The three areas of difficulty for children with Asperger's Syndrome include; social communication, social interaction, and social imagination. Imagine wanting to be social, but the skills to do it are missing. The simplest gestures given by the other person in a conversation are ignored, because they are not understood. Conversations consist of looking away from the person and not having eye contact. Talking tends to be really loud or high pitched at times. It is difficult following a conversation involving sarcasm, humor or irony. Social communication plays a huge role in social interaction. Without these important communication skills it is difficult to have social relationships with others, such as maintaining friendships. When social imagination is missing or lacking; it is hard to understand how others are feeling, because subtle body message cannot be predicted. When there are limited imagination skills things become repetitive and routines develop. Routines become necessary to keep life in order. Children with Asperger's Syndrome will have difficulties in one or more of the five senses. Sense might be intense or underdeveloped. Noises, touching, smells, have been known to cause anxiety. Rocking or spinning is a coping mechanism used to help with stress ("Education," n.d.).

Early intervention will help the child succeed in school and later on in life. Applied Behavior Analysis is a type of intervention that uses sensory integration therapy, social skills training, alternative therapies to help with coordination and mobility. Some anti-depressant medications might be used. There is also parent education and trainings to help families with early intervention. In order for the child to succeed, families need to play a huge role in this process. The inter-disciplinary approach, consist of a team of professional who work on the development of the child. Educational intervention includes skills, concepts, and cognitive strategies.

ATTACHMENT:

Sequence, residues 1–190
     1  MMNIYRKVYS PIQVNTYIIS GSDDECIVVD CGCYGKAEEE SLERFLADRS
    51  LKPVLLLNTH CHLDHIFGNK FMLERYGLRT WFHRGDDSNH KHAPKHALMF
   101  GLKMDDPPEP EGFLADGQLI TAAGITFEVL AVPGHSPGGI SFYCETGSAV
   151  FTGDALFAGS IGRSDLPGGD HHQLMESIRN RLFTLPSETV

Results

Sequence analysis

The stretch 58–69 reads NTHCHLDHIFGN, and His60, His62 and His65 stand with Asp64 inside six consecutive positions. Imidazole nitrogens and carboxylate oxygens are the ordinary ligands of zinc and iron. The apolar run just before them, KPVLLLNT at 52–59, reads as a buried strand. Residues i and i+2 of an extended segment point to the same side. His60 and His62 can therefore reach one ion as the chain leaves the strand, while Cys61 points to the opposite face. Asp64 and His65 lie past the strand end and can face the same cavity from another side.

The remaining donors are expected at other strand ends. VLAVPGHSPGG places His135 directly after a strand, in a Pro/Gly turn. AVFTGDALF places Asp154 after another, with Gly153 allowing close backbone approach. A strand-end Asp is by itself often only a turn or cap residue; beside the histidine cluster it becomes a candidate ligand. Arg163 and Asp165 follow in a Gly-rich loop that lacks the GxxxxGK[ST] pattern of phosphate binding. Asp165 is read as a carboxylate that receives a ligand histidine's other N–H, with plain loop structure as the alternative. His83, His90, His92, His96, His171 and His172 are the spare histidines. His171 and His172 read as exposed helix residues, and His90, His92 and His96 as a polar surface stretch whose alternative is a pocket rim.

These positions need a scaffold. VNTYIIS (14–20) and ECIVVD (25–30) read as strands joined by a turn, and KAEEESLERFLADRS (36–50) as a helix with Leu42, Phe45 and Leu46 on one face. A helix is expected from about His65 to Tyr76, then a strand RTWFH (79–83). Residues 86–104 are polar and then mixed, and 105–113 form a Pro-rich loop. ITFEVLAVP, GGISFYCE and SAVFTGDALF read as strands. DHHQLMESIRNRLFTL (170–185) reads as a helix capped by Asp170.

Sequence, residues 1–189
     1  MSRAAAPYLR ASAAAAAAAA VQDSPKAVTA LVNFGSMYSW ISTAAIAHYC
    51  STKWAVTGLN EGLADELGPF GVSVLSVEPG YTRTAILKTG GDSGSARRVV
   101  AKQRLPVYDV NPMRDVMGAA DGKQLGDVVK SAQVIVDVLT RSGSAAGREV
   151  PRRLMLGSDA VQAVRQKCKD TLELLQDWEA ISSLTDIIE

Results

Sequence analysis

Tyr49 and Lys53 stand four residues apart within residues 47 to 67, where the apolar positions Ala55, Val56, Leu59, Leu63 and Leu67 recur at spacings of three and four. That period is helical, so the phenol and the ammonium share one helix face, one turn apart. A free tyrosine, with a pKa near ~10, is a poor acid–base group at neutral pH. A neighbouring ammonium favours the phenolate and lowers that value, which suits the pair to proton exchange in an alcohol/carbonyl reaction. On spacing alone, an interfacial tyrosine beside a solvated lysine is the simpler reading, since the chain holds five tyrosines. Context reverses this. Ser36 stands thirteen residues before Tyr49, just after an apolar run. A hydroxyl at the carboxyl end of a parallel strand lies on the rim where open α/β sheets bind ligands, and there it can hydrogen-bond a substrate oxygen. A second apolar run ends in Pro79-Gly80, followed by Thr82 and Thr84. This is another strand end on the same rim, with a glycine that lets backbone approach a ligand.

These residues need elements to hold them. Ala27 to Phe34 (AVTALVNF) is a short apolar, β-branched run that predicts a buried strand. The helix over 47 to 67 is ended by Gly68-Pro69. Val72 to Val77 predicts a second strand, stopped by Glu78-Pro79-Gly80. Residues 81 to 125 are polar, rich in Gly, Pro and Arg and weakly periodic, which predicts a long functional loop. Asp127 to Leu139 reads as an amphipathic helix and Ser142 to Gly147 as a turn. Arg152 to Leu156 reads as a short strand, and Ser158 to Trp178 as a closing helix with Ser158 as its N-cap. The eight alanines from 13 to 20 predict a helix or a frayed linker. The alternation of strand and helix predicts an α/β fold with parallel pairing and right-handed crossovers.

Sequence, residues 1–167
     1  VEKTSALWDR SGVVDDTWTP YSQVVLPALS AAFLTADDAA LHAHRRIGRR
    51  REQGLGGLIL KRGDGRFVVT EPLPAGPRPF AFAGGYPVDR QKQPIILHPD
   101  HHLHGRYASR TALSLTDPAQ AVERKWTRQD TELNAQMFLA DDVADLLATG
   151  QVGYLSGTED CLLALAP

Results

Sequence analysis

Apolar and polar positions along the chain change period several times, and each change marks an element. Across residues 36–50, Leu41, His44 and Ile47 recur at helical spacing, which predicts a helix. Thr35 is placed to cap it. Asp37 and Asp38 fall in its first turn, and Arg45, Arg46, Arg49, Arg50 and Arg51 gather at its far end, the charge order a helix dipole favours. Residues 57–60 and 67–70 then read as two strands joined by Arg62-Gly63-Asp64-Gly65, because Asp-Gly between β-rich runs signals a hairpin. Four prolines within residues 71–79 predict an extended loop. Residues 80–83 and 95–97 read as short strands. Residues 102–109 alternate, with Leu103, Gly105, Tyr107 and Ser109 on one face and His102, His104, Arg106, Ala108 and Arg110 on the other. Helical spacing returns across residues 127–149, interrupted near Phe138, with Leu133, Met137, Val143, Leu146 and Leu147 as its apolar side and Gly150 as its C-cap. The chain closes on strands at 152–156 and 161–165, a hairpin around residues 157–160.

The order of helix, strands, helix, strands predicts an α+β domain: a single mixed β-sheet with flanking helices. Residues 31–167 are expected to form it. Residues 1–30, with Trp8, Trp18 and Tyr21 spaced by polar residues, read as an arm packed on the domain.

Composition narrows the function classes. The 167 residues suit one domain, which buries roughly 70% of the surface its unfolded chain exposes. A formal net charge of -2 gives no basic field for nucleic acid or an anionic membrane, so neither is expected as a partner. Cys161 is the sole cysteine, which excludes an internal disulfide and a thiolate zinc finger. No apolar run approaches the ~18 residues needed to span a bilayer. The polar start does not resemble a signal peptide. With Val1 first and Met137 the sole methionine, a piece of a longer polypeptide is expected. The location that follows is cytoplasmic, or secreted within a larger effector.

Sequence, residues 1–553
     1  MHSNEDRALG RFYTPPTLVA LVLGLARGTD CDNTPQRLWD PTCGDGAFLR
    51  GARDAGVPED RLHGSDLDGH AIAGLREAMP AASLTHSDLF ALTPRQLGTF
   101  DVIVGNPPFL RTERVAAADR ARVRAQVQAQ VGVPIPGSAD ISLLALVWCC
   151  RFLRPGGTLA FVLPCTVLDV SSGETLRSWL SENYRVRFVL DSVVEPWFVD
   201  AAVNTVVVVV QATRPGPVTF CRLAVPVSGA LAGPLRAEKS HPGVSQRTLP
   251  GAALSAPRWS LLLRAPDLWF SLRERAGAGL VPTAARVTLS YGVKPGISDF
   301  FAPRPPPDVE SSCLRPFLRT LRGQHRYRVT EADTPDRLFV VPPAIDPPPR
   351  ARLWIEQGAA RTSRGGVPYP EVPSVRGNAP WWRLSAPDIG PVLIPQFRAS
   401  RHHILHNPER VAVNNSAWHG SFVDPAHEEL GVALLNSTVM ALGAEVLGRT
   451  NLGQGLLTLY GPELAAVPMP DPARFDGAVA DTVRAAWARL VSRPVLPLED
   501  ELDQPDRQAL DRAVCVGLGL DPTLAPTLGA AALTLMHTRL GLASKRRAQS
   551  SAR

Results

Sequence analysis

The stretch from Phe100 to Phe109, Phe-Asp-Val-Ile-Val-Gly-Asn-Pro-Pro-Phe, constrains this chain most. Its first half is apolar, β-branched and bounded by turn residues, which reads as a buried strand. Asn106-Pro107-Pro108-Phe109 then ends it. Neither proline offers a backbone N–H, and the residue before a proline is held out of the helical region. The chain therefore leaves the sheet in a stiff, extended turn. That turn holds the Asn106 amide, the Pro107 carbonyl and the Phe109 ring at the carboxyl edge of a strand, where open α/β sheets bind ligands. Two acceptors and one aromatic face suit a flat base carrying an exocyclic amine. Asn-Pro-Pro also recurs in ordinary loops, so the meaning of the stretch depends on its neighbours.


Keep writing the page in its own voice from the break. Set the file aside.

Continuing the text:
One goal of early educational intervention is to transition the child into a regular education classroom. In order to have a full inclusion programs need to be unique to the individual. All of the areas of difficulty, such as social communication, sensory difficulty, and love of routines need to be addressed. Children with Asperger's never give eye contact and do not understand common gestures. Accommodate students by using visual techniques to teach, use pictures to explain the lesson. Associating pictures with a lesson, students are more likely to remember the information. Use the student's special interests in the classroom to motivate them. Special interests can be used in any subject. Motor skills are not always developed and handwriting can be unclear and difficult for many students. Allow them the use of a keyboard to write out answers. Many children with Apserger's are sensitive to sound be aware of the sounds in your classroom and reduce them. Routine is an important to a child with Asperger's, let the student know the routine and try to keeping it the same. When routine is changed anxiety levels rise.